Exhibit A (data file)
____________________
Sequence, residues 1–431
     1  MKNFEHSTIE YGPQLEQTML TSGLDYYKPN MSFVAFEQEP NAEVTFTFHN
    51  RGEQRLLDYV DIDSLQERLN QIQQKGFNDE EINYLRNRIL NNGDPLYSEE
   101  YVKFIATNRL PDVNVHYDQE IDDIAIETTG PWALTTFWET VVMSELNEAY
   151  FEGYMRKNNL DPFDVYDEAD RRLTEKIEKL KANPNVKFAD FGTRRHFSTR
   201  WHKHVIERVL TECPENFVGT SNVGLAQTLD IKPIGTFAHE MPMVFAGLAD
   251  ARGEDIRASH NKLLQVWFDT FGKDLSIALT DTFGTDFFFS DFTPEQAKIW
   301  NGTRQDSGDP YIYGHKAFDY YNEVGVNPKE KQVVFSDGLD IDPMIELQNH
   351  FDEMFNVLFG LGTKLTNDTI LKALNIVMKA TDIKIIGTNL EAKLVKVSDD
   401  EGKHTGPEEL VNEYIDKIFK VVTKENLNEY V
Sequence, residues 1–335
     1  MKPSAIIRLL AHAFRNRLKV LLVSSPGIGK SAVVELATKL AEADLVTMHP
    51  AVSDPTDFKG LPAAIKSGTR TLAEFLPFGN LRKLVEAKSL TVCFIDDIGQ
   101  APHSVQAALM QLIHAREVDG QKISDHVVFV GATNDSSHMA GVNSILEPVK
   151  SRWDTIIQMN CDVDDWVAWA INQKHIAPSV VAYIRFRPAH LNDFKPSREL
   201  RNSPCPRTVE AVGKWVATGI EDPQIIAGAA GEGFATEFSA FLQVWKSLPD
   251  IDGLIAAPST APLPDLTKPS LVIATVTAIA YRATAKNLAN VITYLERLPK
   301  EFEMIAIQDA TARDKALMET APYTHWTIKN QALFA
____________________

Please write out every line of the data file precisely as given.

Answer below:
Sequence, residues 1–431
     1  MKNFEHSTIE YGPQLEQTML TSGLDYYKPN MSFVAFEQEP NAEVTFTFHN
    51  RGEQRLLDYV DIDSLQERLN QIQQKGFNDE EINYLRNRIL NNGDPLYSEE
   101  YVKFIATNRL PDVNVHYDQE IDDIAIETTG PWALTTFWET VVMSELNEAY
   151  FEGYMRKNNL DPFDVYDEAD RRLTEKIEKL KANPNVKFAD FGTRRHFSTR
   201  WHKHVIERVL TECPENFVGT SNVGLAQTLD IKPIGTFAHE MPMVFAGLAD
   251  ARGEDIRASH NKLLQVWFDT FGKDLSIALT DTFGTDFFFS DFTPEQAKIW
   301  NGTRQDSGDP YIYGHKAFDY YNEVGVNPKE KQVVFSDGLD IDPMIELQNH
   351  FDEMFNVLFG LGTKLTNDTI LKALNIVMKA TDIKIIGTNL EAKLVKVSDD
   401  EGKHTGPEEL VNEYIDKIFK VVTKENLNEY V
Sequence, residues 1–335
     1  MKPSAIIRLL AHAFRNRLKV LLVSSPGIGK SAVVELATKL AEADLVTMHP
    51  AVSDPTDFKG LPAAIKSGTR TLAEFLPFGN LRKLVEAKSL TVCFIDDIGQ
   101  APHSVQAALM QLIHAREVDG QKISDHVVFV GATNDSSHMA GVNSILEPVK
   151  SRWDTIIQMN CDVDDWVAWA INQKHIAPSV VAYIRFRPAH LNDFKPSREL
   201  RNSPCPRTVE AVGKWVATGI EDPQIIAGAA GEGFATEFSA FLQVWKSLPD
   251  IDGLIAAPST APLPDLTKPS LVIATVTAIA YRATAKNLAN VITYLERLPK
   301  EFEMIAIQDA TARDKALMET APYTHWTIKN QALFA